Scottish playwright Gregory Burke’s follow-up to his international hit Black Watch - which, among its myriad accolades won three of this year’s Laurence Olivier Awards, including Best New Play, for its belated London transfer last year at the Barbican (See News, 8 Mar 2009) – will receive its world premiere next week at Traverse Theatre in Edinburgh, where Black Watch started its life care of the then fledgling National Theatre of Scotland in August 2006 during the Edinburgh Fringe festival.

Burke’s new piece, titled Hoors (Scottish vernacular for “whores”), runs from 5 to 23 May 2009 (previews from 1 May) at the Traverse, before transferring to the Tron Theatre in Glasgow (26 May to 6 June) and then moving south of the border to the Theatre Royal Bath (10 to 20 June).

The story is set in Burke’s small home town of Fife in Scotland, where Andy and Vicky were going to get married tomorrow. Trouble is, Andy’s stag weekend in Amsterdam was so epic, so legendary, he didn’t make it to his own wedding. Now it’s time for the postmortem as Vicky, her sister Nikki and his mates Tony and Stevie piece together what happened then and where they go now.

Unlike Black Watch, a large-scale ensemble drama based on interviews with former soldiers of the legendary Scottish regiment who served in Iraq, Hoors is purely fictional black comedy for just four actors. Burke was commissioned to write both plays at the same time – and his first draft for Hoors was completed in 2005 – but the global success of Black Watch, which has had huge success in New York and on successive national and international tours, as well as in Edinburgh and London, delayed Hoors completion.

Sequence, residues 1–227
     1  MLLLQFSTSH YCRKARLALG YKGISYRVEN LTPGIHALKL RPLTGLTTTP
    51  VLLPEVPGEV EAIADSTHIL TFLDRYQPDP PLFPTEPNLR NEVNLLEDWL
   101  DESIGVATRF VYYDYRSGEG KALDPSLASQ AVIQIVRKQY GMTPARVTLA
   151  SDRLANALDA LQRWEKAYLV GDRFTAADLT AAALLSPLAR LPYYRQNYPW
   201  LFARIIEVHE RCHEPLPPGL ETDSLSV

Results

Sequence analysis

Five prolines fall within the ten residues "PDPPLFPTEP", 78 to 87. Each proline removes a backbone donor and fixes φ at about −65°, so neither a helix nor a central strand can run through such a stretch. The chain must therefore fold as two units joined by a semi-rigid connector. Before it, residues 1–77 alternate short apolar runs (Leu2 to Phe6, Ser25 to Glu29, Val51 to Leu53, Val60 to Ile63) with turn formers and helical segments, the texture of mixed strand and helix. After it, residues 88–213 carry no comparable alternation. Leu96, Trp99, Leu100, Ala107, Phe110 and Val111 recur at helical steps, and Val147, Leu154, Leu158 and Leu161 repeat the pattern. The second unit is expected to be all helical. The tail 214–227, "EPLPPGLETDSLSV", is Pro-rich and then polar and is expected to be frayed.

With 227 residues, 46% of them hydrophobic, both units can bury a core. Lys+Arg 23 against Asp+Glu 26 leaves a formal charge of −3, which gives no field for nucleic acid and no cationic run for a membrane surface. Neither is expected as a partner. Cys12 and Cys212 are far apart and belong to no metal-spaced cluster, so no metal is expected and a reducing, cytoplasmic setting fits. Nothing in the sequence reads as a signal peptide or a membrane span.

Gregory Burke first burst onto the theatre scene in 2001 with Gagarin Way, another hard-hitting black comedy about working-class men trying to make a political statement with a human heist that goes wrong. That playwriting debut earned him the Critics’ Circle Award for Most Promising Playwright and, after its world premiere at the Traverse Theatre, transferred to the National Theatre and the West End. His second play, The Straits, was seen at London’s Hampstead Theatre in 2003.

Hoors is directed by Jimmy Fay and designed by Conor Murphy, with lighting by Paul Keogan.

- by Terri Paddock